The pros and cons of getting a family pet can be like working your way out of a maze. Here are some tips to help you.

Getting a family pet for the house is usually a quick discussion, which is regretted the very next day. When dad scoops up Rambo’s towering heaps of crap or vacuums the fish bowl, or mum digs a shallow grave for Sippy the hamster or flushes another floater down the loo, it becomes resoundingly clear that this is gonna be hard work. Your work.

As parents, we already have ample work and we just seem to pile more on top of it all. When the topic of a new pet came up, there was no discussion about the sharing of duties and responsibilities. Surely you didn’t sign up for the extra work.

Yet, there is Gizmo the cat, a walking flea-factory and grumpiness personified, licking itself in the morning sun, stretched out over your clean clothes and new bedding. Not to mention that stale smell coming from the Bearded Dragon cage in pangs. And who agreed to walk Fido every single afternoon? Not Grandma.

The discussion

Preceding the shopping phase, there will be a discussion phase where the whole family decides (or just the parents if it is a planned gift), whether or not a pet is to be gotten for the house. This discussion never lasts long enough.

For those who know the discussion, you either already have a pet and wish to add a second one, or you’ve had one that ended up “going to the farm” to go live with its friends. You should be aware of the referendum that needs to be passed before shopping for another pet.

Discuss the pet and the caretaking responsibilities in detail. Who does what? And by when? Be clear so that no misunderstanding takes place. A couple arguing about a pet, or the evident disdain toward the creature, will warp your child’s relation towards it. This could be detrimental in the long run.

Which pet should we get?

It is best to consider the group dynamic in the house. If you have a young baby in the house, or plan to have another baby soon, a poisonous pet snake or spider might not be the best choice. In fact, those might be poor choices regardless.

Never ask yourself what pet you would like to have, unless you are wholly prepared to care for it and keep it, as well as your children and your house, safe at all times. It’s better to ask what pet would bring out the best in your child. What would aid the child in having a better understanding and greater appreciation for life?

A great example of this is the animated movie Secret Life of Pets, where they only reveal the pets’ owners near the end. The owners and the pets don’t seem to fit together at first glance, but you quickly realise that they are a perfect fit. There are many guidelines on the Internet for picking the right pet. Google a bit.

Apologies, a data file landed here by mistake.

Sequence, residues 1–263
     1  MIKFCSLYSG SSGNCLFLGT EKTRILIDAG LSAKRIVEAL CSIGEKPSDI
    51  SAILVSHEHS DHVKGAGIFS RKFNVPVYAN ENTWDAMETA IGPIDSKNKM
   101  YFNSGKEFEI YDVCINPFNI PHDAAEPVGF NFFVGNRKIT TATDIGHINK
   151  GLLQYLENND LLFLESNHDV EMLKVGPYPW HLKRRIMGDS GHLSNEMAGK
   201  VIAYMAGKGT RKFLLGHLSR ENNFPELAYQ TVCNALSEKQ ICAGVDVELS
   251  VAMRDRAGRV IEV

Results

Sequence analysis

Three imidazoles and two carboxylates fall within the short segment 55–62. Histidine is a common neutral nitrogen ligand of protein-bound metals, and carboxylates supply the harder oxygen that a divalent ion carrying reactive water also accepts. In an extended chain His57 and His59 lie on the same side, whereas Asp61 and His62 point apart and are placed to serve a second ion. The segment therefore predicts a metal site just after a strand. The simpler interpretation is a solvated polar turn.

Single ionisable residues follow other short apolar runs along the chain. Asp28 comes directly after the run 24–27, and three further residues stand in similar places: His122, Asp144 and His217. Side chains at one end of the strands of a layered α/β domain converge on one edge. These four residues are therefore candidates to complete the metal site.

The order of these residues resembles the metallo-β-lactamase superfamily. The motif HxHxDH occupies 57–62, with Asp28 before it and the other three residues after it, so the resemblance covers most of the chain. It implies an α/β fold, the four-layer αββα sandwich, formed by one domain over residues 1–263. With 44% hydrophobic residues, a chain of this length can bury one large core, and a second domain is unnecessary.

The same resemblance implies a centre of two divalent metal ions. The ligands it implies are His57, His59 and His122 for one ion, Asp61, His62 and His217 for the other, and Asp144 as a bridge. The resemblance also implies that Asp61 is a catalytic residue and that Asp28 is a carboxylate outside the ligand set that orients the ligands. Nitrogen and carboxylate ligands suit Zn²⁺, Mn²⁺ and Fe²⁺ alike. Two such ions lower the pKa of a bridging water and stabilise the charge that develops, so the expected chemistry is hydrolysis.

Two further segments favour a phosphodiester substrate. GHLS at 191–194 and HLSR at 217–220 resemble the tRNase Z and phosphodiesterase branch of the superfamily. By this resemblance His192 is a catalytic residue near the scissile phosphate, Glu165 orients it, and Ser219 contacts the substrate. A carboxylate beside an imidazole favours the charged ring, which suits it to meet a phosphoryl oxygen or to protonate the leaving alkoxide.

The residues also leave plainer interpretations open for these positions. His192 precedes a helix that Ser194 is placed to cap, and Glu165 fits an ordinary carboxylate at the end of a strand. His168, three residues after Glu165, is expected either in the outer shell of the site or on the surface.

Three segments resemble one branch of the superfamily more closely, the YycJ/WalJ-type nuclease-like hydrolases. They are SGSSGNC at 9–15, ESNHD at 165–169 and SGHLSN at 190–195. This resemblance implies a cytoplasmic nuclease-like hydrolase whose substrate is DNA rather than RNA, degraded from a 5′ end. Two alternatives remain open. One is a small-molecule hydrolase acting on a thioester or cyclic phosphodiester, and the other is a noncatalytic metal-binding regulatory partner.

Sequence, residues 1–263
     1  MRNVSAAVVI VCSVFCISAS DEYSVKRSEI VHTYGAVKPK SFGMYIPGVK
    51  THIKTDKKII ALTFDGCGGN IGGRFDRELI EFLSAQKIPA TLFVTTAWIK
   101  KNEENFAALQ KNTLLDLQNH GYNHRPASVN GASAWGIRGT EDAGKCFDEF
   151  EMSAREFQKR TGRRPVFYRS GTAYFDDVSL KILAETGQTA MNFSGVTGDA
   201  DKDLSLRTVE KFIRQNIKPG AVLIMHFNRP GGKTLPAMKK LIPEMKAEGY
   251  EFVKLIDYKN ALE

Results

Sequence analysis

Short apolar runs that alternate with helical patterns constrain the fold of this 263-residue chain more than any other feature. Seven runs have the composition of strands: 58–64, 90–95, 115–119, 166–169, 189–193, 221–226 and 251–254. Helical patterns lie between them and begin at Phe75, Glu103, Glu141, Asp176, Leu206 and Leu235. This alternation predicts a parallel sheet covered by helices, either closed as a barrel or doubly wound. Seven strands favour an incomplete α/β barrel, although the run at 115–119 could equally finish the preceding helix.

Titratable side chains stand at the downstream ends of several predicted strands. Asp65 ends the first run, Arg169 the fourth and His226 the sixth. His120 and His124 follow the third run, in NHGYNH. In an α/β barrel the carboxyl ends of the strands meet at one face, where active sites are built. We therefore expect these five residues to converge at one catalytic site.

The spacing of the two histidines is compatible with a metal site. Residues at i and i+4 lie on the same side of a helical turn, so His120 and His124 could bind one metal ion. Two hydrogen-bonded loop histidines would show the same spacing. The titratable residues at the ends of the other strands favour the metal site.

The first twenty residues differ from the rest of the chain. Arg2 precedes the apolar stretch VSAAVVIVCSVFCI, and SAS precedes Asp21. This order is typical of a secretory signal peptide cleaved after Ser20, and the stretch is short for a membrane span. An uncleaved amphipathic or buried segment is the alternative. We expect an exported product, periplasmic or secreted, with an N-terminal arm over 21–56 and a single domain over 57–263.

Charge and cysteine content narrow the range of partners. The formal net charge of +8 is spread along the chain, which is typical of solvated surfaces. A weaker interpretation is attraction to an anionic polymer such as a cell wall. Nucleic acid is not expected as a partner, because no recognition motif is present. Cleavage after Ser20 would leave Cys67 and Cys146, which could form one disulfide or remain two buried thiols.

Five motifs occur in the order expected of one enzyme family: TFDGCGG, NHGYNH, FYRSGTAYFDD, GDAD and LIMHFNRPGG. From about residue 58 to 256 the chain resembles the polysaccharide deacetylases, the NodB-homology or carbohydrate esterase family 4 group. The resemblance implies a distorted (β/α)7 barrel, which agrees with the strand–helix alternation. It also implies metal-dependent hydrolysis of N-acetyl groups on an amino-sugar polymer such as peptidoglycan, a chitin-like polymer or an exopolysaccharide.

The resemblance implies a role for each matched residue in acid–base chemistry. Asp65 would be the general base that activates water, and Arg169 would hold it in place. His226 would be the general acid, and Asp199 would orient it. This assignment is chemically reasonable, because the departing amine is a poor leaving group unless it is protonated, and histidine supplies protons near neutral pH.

Chores and responsibilities

It has already been agreed who will tend to the animal’s needs. However, from past experience, let me encourage you to put it down in print. It is common knowledge that a verbal agreement is as good as the air it had been uttered into. Feeding, cleaning and basic caretaking needs to be listed.

If you have more than one child then make a responsibility-sharing roster, which all children agree on prior to the pet’s arrival. If only one child, then the parents can share duties with the child. It is a great parent-child bonding opportunity.

Put this roster up in plain sight, a week or two prior to the big day. Let the weight of the decision sink in. This also creates a sense of anticipation, which will be rewarded in due time.

And, please, if you end up having to do some of the duties yourself, then don’t bitch and moan about it in front of the kids. Sit them down and have a discussion, referencing the roster, which is evidently not being kept to. Treat your children like adults and talk to them. This examples a need to open-up dialogue about topics like fairness, respect and responsibility.

If all else fails, monetise the roster. Don’t be exorbitant. It’s still money. Give them fair money for fair amount of effort. No effort, no pocket money.

An attack!

If there has been a pet bite incident, then that is an entirely different situation. An attack needs to be addressed according to the severity of the bites and the nature of the incident, with more focus of concern on the animal than the child.

The reasoning that an animal attacked because the child did something wrong, is not an acceptable argument. Unless conditions were very extreme or repetitive, then a pet should not attack a human, no matter what the child was busy doing to it. In saying that, remember that pet-child interaction should ALWAYS be supervised.

How else will the child know what is wrong and what is right? It’s still an animal and it will defend itself if need be. Parenting skills will be required to teach your child the right way to behave around your pet and to gauge their relationship.

Do some research into teaching bite inhibition. Take your children to puppy training classes. By now you should know that puppy training is not for the puppies, but actually for the humans looking after the puppies. Your kids will enjoy it.

The benefits

If proper effort is put towards the careful selection of a pet and the caretaking of it, then the joys and advantages of having a pet far outweighs the concerns. A good pet is like family glue.

It brings everyone together at the beach, at the park or in the backyard. It gets mum and dad researching all things pet-related. They open up the discussion of life and death. Pets aid us in knowing our own children better.

James Fouche is an author, travel writer, entrepreneur and silly daddy of three. He also writes about parenting and wine, whenever his kids allow him to.

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